Bedrock (noun): 1) Solid rock underlying loose deposits such as soil or alluvium

2) The fundamental principles on which something is based

It is the third week of the semester, and one of my unruliest classes of high school students is struggling with geologic time. It’s immense and intense and I dared ask them to do some calculations along with the vocabulary. They’ve already worked their way through a version of Carl Sagan’s Cosmic Calendar activity, where they’ve crunched all of time from the Big Bang to the present day into one year.

Today, I’ve handed out props with rough dates attached, and asked the class to physically arrange themselves in order of appearance in the fossil record- a stuffed black plague microbe stands in for the first life-forms; a plastic Buzz Lightyear represents modern humans. After I separate the monkey (representing first mammals) from the dinosaur (representing dinosaurs, but intent upon the destruction of everything in his path; note to self, next semester, hand the dinosaur to a quiet, calm student), the kids arrange themselves in a straight line, equally spaced from one end of the chalkboard to the other. Here is where it gets tough, when I ask the remaining kids to “fix” the line.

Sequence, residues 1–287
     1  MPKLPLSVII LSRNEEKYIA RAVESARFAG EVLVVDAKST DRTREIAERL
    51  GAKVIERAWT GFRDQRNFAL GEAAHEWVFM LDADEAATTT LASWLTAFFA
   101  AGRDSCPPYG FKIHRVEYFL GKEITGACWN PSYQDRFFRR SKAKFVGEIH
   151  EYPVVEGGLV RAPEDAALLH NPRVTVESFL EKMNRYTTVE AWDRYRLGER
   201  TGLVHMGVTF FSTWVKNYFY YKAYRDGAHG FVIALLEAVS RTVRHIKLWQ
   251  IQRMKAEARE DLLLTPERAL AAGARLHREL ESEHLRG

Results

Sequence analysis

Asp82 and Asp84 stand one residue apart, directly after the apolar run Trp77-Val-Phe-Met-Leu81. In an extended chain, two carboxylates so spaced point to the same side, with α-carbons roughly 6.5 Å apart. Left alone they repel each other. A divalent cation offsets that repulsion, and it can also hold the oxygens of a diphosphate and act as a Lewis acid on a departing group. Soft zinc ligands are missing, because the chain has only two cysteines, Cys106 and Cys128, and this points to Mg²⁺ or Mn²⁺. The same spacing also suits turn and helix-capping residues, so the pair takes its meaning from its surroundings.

“Amphibians came before reptiles!” shouts one student, and the classmate holding the tree frog’s terrarium obligingly switches places in line. A few more shuffles, and the sequence of fossil emergence is in rough time order. The kids are still in an equally spaced line, however, and I’m still waiting for someone to realize that the formation of the Earth and the accumulation of oxygen in the atmosphere shouldn’t be able to hold hands.

Welcome to the world of high school earth science- I teach 10th -12th grade students, and it’s a diverse bunch. Strangely, the vast majority of students that are enrolled in my geology class are not excited to be there on the first day. They whine and complain about being forced to learn about rocks. By the time they leave, I like to think that the same majority have both come to some scientific and geologic understandings, and enjoyed themselves along the way.

Along with the typical struggles of public education, high school geology is routinely treated as a dumping grounds by school counseling staff and, to a lesser extent, colleagues, for students who desperately need science credit and are seen as being problematic, lacking in foundation skills, and have been generally unsuccessful in science in the past. This makes the teaching of earth science particularly difficult- how do you manage disengaged students with challenging behaviors and inspire them to connect with geology content? How do you keep the subject matter relevant, rigorous, and robust while working within the reality that many of my students can’t read at grade level and need not just foundational science skills, but foundational life skills?

I don’t know the answers, but I am certainly trying to make geology and oceanography come alive for my kids. My contributions to Earth Science Erratics will focus on my challenges and successes connecting students to earth science, and my own occasional sojourns into the realm of field geology.